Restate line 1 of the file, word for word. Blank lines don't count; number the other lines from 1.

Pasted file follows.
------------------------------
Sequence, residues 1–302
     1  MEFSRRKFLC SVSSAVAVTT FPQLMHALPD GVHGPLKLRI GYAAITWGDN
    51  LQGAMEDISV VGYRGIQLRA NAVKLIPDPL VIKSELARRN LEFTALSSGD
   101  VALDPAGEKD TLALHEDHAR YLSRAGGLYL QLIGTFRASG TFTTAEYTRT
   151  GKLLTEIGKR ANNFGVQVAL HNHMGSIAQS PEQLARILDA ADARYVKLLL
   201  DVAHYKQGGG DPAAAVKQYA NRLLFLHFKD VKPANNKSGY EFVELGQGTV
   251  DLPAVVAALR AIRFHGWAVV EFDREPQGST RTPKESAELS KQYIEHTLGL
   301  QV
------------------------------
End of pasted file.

Sequence, residues 1–302